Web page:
3. It follows from the rule that when several parties are liable in solidum none of them can claim from any of the others any more than the part for which that party is liable, that a judge faced with a claim between parties liable in solidum must decide the extent of each party’s contribution to the harm, taking account of the seriousness of their misconduct and the extent to which it contributed to the harm, failing which the division should be equal; here, in deciding that the George V Hotel could claim a full indemnity from others liable with it in solidum on the irrelevant basis that it was subrogated to the victim’s strict liability claim the court below violated article 1214 Code civil;

4. Although the pleadings of Duminvest and the two hotels made it crystal clear that the site-owner was fully aware of the risks of a nuisance being created, the court of appeal misconstrued these pleadings and maintained, in violation of article 1134 Code civil, that no such argument had been made;

5. Although the experts’ report stated that owing to its very structure the Hotel George V was a kind of drum which magnified noise and spread it to the walls and floors of neighbouring properties,  that “as a result of preliminary tests this situation was perfectly well known to those involved in the renovation before the work really started”,  that “in order to minimise the inconvenience to the neighbours for eighteen months the site-owner would have had to accept and bear the cost of significant extra works (insulating the party walls)”, and that “the site-owner, refusing to accept the necessity of such extra works, opined that it was for the building contractor to try, despite his reduced freedom of manoeuvre,  to minimise the nuisance”, these clear and precise terms of the report were misconstrued by the court of appeal in violation of article 1134 Code civil when it held that it did not follow from the experts’ report that the site-owner was fully aware of the risks of nuisance and yet required the work to be carried on;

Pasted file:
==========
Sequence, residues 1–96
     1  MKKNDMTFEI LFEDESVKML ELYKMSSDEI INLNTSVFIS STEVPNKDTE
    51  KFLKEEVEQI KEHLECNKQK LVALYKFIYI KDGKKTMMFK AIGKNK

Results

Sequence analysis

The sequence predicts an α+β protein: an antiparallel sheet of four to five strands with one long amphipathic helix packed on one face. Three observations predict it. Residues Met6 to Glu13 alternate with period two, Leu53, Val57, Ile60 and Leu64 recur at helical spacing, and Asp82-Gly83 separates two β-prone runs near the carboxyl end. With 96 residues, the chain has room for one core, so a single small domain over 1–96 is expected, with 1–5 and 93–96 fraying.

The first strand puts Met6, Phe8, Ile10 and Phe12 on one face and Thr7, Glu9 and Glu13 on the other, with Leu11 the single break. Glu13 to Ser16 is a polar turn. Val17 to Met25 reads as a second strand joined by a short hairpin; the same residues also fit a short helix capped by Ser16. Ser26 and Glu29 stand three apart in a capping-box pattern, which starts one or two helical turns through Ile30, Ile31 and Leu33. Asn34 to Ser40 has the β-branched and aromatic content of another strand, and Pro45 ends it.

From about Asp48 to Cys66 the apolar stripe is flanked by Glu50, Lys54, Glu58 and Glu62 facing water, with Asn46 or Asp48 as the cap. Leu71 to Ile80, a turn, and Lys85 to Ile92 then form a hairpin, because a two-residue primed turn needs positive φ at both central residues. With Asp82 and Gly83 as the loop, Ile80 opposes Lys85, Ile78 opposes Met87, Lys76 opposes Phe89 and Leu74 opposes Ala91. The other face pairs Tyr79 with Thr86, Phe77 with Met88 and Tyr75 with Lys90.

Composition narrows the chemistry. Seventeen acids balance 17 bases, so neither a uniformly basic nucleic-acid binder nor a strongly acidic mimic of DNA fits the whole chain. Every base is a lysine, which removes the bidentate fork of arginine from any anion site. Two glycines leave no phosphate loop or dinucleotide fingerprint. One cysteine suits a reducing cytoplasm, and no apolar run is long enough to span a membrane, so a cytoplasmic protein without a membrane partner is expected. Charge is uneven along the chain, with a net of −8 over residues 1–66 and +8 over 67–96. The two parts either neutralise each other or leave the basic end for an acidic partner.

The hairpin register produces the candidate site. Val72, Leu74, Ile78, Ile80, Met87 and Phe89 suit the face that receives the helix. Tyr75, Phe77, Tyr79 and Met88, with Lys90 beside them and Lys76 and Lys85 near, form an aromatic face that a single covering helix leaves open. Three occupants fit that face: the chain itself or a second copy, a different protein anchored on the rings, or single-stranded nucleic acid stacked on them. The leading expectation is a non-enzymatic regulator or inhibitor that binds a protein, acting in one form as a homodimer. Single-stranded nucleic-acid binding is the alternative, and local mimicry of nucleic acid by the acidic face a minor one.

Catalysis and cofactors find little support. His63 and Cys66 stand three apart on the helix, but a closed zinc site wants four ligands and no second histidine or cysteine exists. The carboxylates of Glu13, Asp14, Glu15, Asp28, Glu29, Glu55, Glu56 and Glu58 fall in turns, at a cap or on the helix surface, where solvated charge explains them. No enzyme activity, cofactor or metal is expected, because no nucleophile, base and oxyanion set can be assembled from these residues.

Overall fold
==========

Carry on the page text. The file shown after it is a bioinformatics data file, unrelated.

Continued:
6. Since subrogation does not permit one codebtor to claim a full indemnity from another unless he shows that he was liable for that other and not just along with him, and since a building contractor is not strictly liable to the site-owner if the work abnormally affects the neighbours, it was for the site-owner to show that it was only because of faults committed by the building contractors that he was liable to his neighbours; here the court below violated articles 1251(3) and 1315 Code civil by dispensing the site-owner from the need to show that in compensating the neighbours he was liable for the building contractors and not just in addition to them, first by accepting the site-owner’s right to a full indemnity from the building contractors  and then by rejecting the latter’s recourse against the site-owner on the ground that any such claim must show that the site-owner, fully informed of the risks and consequences of causing a nuisance, expressly  intended to relieve the building contractors of all responsibility in that respect;

7. Furthermore, in holding that it was for the builders to show that it was the express intention of the site-owner, in full awareness of the risk of creating a nuisance and its consequences, to relieve them of liability, the court  violated articles 544, 1147, 1382 ff. as well as 1792 ff. Code civil by erroneously imposing on the contractors a presumption of liability towards the site-owner for damage done to the neighbours by the works;

But given that having held that the Hotel George V had paid its neighbours the damages for which it was held liable by the court of first instance and found that neither the contracts nor the correspondence between the parties nor the experts’ report showed that the site-owner had intended in full awareness of the risks of nuisance to exempt the building contractors from liability while causing them to proceed with the works, the court was entitled, without misconstruing any of the documents, to hold that as subrogee of the victims the Hotel George V was entitled to a complete indemnity from the building contractors  who were liable to the site-owner whether or not they were at fault;

From which it follows that this complaint is unjustified, and

For these reasons dismisses all the complaints.